Purchasing a boat lift (new or used) can be very confusing.  There is a lot to consider before making your selection. This article will assist you in making the right decision.

Let’s start with, where will you be using the boat lift?

Why is location important? The location will be an essential consideration for determining the suitability of a boat lift for the body of water you are on.  Will you be on the Bay of Green Bay, Lake Winnebago, a river or a small inland lake?

On larger bodies of water, vertical boat lifts are the preferred choice. Why? The answer is the extra lifting height you get versus a cantilever lift.

2019 Storm Challenges


2019 is proving to be a challenging year for most dock and boat lift owners. With record-setting water depths and strong, frequent storms, owners see the need for the higher lifting capacities.

Unlike people on small lakes, the Bay of Green Bay and Lake Winnebago present unique problems for boaters. The reasons are the storm surges. A storm surge is caused by sustained winds blowing in one direction with no rivers or creeks on the leeward side to relieve the pressure of the water piling up. Wave action of 4 or more feet on top of a water surge makes the situation even worse.

These two factors combined, mean you will need a lift that raises high enough to keep your investment from being damaged. You also need the most durable frame construction possible.

Frame strength is achieved by using a more substantial square or rectangular frame versus a round, thin tube. If the frame is not strong enough, you won’t get the extra protection your boat deserves. That’s why PWS only handles ShoreMaster boat lifts.

Rivers have unique problems in the form of fluctuations in water depth in early spring from snow melting and heavy rain runoff during the season.  Any boat lift must be capable of handling the changing water levels here too.

Depth of water is another consideration.

Vertical lifts, with a “V” rack, require about 6″ of water plus the draft of the boat to operate.  This low water requirement is vital if the water recedes in late summer or fall.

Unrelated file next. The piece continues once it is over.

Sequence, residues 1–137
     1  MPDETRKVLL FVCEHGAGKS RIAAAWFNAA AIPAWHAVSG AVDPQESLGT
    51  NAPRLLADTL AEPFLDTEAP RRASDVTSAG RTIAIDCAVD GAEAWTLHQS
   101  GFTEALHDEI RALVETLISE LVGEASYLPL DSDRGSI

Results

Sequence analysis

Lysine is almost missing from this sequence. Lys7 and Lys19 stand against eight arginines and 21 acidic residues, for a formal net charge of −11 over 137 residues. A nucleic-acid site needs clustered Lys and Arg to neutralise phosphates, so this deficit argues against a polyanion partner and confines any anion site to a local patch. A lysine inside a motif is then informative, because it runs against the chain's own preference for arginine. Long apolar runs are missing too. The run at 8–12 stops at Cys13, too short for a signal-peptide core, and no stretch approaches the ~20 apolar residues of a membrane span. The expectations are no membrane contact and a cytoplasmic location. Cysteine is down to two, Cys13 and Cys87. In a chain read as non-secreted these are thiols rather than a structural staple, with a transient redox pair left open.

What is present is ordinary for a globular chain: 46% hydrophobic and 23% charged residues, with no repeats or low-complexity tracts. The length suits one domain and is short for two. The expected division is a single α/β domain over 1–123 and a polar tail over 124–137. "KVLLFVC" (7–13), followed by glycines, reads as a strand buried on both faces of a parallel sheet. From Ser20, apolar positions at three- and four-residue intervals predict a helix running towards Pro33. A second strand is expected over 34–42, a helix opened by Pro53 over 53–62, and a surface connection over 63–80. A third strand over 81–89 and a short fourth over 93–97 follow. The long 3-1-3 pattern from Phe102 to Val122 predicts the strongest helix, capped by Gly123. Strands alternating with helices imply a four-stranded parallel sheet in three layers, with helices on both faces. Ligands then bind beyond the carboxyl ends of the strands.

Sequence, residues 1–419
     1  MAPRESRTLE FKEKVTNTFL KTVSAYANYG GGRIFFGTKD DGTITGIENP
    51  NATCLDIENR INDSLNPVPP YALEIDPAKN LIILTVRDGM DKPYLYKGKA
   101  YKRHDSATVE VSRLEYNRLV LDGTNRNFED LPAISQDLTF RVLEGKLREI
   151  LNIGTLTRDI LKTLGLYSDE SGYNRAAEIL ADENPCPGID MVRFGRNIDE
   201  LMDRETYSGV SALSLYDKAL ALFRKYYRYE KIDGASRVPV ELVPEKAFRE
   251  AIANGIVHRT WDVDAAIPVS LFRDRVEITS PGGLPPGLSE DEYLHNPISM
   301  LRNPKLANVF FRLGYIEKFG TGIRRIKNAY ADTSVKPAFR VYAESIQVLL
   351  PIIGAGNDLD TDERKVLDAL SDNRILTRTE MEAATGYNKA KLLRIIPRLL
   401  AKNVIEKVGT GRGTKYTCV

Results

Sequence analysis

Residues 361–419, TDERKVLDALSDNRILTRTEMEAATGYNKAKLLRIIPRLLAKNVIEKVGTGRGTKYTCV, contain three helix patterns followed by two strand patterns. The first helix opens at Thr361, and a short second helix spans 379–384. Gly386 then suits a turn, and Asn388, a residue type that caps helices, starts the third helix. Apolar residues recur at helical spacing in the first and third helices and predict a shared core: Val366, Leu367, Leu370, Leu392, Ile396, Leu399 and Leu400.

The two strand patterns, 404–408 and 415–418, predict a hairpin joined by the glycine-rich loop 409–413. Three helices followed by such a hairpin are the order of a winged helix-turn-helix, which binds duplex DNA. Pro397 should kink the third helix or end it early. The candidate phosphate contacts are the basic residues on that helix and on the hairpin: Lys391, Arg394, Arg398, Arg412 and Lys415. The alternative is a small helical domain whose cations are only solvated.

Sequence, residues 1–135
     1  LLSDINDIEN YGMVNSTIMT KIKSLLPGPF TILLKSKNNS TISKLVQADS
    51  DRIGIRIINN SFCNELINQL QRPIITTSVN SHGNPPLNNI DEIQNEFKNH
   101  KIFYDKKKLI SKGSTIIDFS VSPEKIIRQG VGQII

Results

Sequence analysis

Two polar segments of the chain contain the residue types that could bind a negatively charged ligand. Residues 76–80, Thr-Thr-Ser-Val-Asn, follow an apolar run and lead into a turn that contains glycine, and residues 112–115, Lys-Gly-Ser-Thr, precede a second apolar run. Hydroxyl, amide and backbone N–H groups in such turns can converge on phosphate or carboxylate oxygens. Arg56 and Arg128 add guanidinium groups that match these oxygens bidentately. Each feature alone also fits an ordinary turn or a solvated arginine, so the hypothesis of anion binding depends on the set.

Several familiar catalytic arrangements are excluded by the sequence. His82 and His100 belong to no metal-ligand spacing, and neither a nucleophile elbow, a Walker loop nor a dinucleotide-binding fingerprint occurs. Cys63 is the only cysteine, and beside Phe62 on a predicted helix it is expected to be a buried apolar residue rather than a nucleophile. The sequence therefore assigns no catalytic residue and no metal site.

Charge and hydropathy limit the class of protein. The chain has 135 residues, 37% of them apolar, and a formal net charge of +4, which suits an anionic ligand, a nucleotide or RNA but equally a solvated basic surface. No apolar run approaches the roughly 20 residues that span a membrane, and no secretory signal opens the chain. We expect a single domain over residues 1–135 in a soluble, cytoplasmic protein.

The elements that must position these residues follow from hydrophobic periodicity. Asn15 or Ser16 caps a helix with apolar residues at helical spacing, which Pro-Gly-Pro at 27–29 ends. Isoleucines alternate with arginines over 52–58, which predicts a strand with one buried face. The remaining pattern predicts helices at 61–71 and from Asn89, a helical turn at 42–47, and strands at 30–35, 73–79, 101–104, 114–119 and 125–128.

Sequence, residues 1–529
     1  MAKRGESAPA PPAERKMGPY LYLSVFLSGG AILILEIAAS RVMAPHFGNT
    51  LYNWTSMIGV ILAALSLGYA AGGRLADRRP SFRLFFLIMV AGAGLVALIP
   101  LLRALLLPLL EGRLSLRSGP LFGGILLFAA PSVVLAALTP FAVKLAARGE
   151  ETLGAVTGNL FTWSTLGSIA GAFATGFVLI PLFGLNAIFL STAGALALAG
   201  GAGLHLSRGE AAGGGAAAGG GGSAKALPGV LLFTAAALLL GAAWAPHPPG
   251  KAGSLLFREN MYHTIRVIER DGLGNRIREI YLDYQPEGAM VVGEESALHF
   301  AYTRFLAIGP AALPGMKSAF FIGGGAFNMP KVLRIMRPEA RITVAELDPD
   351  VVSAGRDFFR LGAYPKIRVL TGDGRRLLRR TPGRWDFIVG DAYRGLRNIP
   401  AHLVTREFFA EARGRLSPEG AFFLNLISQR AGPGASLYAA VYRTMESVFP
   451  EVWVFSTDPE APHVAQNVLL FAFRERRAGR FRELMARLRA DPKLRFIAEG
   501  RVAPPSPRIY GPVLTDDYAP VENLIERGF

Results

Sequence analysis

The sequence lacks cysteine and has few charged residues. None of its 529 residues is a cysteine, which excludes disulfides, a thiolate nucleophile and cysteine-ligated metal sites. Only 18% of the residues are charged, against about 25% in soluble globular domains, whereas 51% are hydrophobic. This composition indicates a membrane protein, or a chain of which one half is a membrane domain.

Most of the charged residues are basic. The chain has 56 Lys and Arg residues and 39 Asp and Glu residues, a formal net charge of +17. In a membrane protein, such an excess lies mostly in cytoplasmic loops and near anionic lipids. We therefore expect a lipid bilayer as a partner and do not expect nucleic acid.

Boat length, width, and weight affect your choice.

PWS recommends that you consider not only the length, width, and weight of the boat you currently have, but also the possibility of a larger boat in the future.  It will save you money in the long run. People frequently change to a bigger, better boat, so you should not ignore this issue.  

Why do we insist on checking the weight you give us for your boat?

It’s not that we don’t trust you – we simply don’t trust you, but in a good way. Our reputation is on the line with every lift we sell, so it has to be the right one for your needs. Some salespeople quickly choose the lift you “need” without even looking up the Specifications to be sure. Remember, the weight is more than the boat weight.

See also

Will you raise the boat by hand or do you need a motor?

image of 24 V Solar Panel arrangement

24 V Solar Panel arrangement

Do you want to raise your boat with the winch wheel or use a remote-controlled motor to do the work for you?  12V/24V D.C. motors power most boat lifts with 120V A.C. used less frequently.


Nature charges your battery via a solar panel, and there is no cost to do it.

A.C. versions, while available, require 120 V power at the boat site and require more care to prevent electrical shock.


What are the Frame Materials?

image of corroded & Frayed cable

Corroded & Frayed Boatlift Cable

The most popular boat lifts in N.E. Wisconsin have aluminum frames and stainless steel cables.  

There are still a few steel boat lifts around.

 But they are few and far between due to their weight, limited lifting heights and susceptibility to rust.

Aluminum boat lifts will have either galvanized or stainless steel cables. Sometimes they have a combination of both materials.  Stainless steel cables last as much as 2-4 times longer than galvanized steel cables and don’t rust.


What about the pulleys on the lift?


image of ShoreMaster Brass Pulleys

ShoreMaster Brass Pulleys

Pulleys on boat lifts will be either plastic, steel or brass construction. Robust brass pulleys with stainless steel hubs are

image of SS Rail

Plastic Pulleys

the best choice while plastic pulleys are not recommended even on the lighter PWC lifts. The heavier the boat, the more critical it is to have stainless steel and brass materials.

Plastic pulleys become brittle over time. Eventually, the edges break off, and the cable gets jammed between the frame and the pulley. Raising a boat with a jammed cable is extremely hard to do.

Who will install the boat lift?

A professional company is best suited to do this for you.

Boat lifts in the 5000# range or larger, definitely require professional installation and removal services. It’s not a job for amateurs. Do you have a dependable provider for this service?  PWS has experienced, trained people and the necessary equipment to do it for you,

What is the Warranty?

Many boat lifts come with a 1 or 2-year factory structural warranty.  Some have five-year, and a few even have a 10-year warranty.   ShoreMaster boat lifts carry a full 15-year structural warranty.  The 15-year warranty is the best on the market. 


Now it’s up to you! Our recommendation? See what your neighbors have to say about PWS. 

Customer Testimonials

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Pier & Waterfront Solutions

PWS is located at 7325 St. Hwy 57. That’s 1 mile North of County MM (Hwy 42) and 3 miles south of Sturgeon Bay at the Idlewild Road intersection.  Or – for more information, you can call Jerry @ 920-493-4404.